Tories nixed proposed Charter birthday party

Tories nixed proposed Charter birthday party by Stephanie Levitz, June 7, 2012, The Canadian Press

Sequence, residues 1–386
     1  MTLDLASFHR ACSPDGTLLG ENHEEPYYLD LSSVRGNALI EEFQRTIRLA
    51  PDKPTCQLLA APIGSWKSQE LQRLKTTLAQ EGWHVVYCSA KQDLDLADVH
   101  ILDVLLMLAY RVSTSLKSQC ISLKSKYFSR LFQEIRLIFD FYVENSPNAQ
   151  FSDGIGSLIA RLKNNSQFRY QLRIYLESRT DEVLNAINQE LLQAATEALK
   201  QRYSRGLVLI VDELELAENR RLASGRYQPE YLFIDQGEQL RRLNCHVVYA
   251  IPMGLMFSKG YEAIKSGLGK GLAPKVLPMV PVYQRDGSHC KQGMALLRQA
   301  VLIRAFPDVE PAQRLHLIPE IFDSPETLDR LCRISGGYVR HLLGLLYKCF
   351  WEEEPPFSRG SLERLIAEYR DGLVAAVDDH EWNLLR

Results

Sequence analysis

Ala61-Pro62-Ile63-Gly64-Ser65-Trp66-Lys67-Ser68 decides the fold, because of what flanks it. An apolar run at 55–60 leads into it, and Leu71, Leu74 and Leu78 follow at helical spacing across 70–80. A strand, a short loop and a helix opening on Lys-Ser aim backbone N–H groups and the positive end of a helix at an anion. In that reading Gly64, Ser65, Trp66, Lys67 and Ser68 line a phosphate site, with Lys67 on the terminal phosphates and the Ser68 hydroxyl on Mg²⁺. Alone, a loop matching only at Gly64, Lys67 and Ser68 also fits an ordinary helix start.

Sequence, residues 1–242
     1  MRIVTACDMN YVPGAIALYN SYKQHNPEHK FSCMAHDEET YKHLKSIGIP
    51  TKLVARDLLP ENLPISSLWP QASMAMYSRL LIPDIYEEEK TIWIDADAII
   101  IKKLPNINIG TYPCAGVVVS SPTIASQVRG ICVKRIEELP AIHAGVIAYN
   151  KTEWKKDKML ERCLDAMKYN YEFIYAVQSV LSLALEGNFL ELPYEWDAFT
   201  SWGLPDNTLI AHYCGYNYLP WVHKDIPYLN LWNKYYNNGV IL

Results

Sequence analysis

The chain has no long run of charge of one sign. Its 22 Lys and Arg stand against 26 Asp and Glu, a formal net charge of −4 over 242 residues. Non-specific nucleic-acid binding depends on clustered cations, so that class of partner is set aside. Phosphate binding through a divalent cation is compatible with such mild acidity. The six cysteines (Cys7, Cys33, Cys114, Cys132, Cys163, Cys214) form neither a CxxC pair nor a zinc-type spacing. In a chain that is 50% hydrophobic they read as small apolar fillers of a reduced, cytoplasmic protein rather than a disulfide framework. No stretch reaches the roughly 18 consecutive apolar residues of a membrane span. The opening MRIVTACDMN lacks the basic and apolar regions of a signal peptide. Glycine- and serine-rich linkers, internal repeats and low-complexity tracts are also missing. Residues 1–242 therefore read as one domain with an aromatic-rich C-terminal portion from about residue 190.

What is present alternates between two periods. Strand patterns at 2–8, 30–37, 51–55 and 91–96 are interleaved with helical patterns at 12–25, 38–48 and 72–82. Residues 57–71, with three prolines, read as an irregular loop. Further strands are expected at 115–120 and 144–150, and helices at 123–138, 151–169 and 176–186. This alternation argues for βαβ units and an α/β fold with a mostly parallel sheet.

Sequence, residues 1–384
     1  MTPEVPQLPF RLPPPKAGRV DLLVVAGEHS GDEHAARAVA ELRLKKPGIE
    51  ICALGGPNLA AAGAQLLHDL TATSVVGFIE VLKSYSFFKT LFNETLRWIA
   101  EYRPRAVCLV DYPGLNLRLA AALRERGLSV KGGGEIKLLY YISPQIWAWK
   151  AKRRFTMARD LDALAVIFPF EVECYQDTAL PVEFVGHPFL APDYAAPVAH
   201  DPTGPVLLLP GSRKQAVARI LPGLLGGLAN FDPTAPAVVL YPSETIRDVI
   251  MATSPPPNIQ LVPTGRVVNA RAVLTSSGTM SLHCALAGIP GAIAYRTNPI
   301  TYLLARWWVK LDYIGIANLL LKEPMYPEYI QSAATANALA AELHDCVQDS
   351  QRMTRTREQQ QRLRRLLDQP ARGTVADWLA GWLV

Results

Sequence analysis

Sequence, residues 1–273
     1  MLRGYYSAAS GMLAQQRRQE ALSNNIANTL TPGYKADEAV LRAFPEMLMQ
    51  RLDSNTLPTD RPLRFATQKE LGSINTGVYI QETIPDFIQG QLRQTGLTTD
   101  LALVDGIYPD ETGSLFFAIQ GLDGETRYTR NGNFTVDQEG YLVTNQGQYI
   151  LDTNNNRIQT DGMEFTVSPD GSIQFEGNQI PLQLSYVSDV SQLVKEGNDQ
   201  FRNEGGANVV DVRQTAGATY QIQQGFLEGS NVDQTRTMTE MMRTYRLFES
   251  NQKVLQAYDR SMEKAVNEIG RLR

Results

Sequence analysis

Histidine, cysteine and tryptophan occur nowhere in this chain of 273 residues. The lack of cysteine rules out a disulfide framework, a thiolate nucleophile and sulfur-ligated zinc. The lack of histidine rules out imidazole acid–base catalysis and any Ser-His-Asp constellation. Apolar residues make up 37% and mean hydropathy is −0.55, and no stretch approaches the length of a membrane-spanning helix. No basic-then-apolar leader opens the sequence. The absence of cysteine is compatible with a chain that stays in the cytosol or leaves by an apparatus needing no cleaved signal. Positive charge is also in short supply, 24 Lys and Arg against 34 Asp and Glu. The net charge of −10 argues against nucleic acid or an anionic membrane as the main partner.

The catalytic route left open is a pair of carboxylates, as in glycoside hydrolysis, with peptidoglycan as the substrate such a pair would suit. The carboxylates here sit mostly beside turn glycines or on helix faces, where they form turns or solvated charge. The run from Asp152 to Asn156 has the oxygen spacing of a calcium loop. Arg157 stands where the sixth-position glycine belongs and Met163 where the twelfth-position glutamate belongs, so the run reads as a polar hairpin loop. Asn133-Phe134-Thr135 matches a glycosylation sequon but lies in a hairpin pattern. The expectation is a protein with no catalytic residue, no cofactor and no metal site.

Bureaucrats planned an elaborate party to celebrate the birthday of the Charter of Rights and Freedoms but the Conservative government refused to RSVP, newly released documents suggest. Instead, the idea of a ceremony to commemorate the charter’s 30th anniversary in April was overruled by Heritage Minister James Moore in favour of a terse press release. … The celebration envisaged by bureaucrats was billed as an opportunity to “underline the importance of the Constitution Act on Canada’s system of government, laws, and civil rights, including fundamental rights and freedoms of all Canadians.” The plan called for a televised event on Parliament Hill featuring the Governor-General, cabinet ministers and Canada’s chief librarian. One of two versions of the Proclamation Act of 1982 was also going to be on display. But when the proposal reached Mr. Moore’s office, it was rejected. … Instead, a short press release was issued marking the date and calling the charter “an important step in the development of Canada’s human rights policy.” At the time, the Tories were criticized for all but ignoring such a pivotal – and recent – event in Canadian history, while at the same time choosing to play up events from generations ago, like the War of 1812, which marks its bicentennial this year.

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